I heard a priest say on a retreat one year, that, “many people want the rest but not the yoke.” Letting go of what weighs us down does offer us rest and peace. But with it there does come a responsibility. It’s not a mandate. It’s not a directive. It is simply an invitation offered to us by Christ. He is asking us to come to him, to lay down our burden, and to freely take up his. The way to find rest and comfort is to lose our burden at the cross and allow Christ to put his burden and yoke upon us instead. Freedom is not found in avoiding or discarding the yoke of Christ; it's found in losing our own.

 

THE BROKEN PLACES IN MY LIFE...

Friday of the Thirteenth Week in Ordinary Time

“The Pharisees saw this and said to his disciples, ‘Why does your teacher eat with tax collectors and sinners?’ He (Jesus) heard this and said, ‘Those who are well do not need a physician, but the sick do.’” (From Matthew 9:9-13)

When I was younger, every time I heard this passage I would say to myself, “well, of course you don’t need a doctor if you’re not sick.” Many years later, I see what Jesus was getting at. This passage is not primarily about those who are sick or in need of spiritual healing. It’s mainly about those who recognize it and those who do not.

Simply put, do I recognize the weak spots in my life? The main “sickness” to which Jesus refers is sin, which damages and ruptures our relationships with God and others. None of us is perfect. We are all broken in some way, in certain places of our lives. Do we recognize this brokenness, and are we willing to come before the Lord with honesty of heart to seek the healing that only He can give?

TO BE LOOSENED UP FROM...

Thursday of the Thirteenth Week in Ordinary Time

“…he then said to the paralytic, ‘Rise, pick up your stretcher, and go home.’ He rose and went home.When the crowds saw this they were struck with awe and glorified God…” (From Matthew 9:1-8)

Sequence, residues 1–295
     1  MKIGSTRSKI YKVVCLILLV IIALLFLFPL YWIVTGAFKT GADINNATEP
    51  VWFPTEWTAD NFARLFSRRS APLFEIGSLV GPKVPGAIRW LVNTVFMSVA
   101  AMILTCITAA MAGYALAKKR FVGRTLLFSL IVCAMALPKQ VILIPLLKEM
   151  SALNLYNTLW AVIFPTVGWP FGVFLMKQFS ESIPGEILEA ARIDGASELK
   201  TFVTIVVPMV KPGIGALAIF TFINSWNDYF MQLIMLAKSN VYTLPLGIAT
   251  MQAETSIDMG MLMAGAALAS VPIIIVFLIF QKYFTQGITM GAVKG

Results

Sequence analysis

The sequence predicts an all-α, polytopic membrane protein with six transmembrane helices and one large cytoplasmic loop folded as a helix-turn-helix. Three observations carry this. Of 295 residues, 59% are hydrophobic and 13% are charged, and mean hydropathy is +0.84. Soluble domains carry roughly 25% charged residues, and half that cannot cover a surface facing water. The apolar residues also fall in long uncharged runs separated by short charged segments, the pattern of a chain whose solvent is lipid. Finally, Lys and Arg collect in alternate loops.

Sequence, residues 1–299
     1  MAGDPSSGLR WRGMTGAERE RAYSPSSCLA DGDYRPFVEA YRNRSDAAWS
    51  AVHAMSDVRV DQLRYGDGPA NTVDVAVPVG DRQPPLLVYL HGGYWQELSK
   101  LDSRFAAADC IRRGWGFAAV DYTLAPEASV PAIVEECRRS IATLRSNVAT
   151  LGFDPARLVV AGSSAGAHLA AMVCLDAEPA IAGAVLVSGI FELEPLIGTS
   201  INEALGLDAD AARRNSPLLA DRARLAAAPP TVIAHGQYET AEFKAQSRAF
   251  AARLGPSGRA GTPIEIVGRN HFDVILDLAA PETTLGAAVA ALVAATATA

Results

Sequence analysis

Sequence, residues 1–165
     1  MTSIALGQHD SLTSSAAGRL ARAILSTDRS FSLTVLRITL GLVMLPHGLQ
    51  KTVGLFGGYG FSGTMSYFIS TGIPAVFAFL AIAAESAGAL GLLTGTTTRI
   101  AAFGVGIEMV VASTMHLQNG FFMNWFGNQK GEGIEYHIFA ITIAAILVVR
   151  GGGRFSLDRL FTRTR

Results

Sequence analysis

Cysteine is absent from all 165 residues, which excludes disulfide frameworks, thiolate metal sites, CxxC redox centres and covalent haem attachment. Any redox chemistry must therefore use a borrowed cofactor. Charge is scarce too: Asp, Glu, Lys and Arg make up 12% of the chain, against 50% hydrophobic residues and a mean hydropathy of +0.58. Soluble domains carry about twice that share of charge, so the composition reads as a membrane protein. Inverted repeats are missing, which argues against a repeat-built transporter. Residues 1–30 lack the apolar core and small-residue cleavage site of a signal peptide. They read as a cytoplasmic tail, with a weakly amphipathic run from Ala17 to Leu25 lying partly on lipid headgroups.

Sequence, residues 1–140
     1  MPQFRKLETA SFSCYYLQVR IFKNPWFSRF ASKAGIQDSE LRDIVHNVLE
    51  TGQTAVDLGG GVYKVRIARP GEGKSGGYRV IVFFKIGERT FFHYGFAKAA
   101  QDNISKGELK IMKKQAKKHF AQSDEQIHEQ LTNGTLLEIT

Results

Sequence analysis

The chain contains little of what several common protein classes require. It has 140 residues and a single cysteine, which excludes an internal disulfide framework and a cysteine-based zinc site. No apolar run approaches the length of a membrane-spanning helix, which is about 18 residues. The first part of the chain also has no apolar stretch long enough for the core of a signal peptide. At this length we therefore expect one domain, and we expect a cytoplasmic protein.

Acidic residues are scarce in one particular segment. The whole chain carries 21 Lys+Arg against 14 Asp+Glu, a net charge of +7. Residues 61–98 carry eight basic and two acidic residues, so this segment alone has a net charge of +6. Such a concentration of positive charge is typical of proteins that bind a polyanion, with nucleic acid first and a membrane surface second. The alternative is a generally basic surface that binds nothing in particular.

What do you need to be loosened up from?

The Sacrament of Reconciliation concludes with the Prayer of Absolution, as the priest says, in part, “…I absolve you from your sins.” Simply defined, the word “absolve” means, “to free, release, or loosen one up from.” In this sacrament God desires to loosen us up from whatever binds us. I can’t help but think of these words whenever I read today’s Gospel passage. While illness is definitely not a punishment for sin, this moment in the life of the paralytic serves as a reminder of the power of Christ to completely forgive and cleanse us. Every time we seek and receive forgiveness, it is as if Jesus is saying to us, “get up now and walk, free again.”

After spending one week in I.C.U. and a second week in a regular room on the cardiac floor back in 2004, there came a day when the doctor said to me, “go home now and live your life.” I can only imagine how the paralytic of the Gospel must have felt. It took several doctors and nurses to get me to the point of being able to go home again and “live my life.” Coming before Christ to be loosened up, especially, from our sin is nowhere nearly as complicated. We simply need to trust that God’s mercy is limitless. As we stand before the Lord in our brokenness, he invites us, “take my hand, and let me help you to get up and walk again!”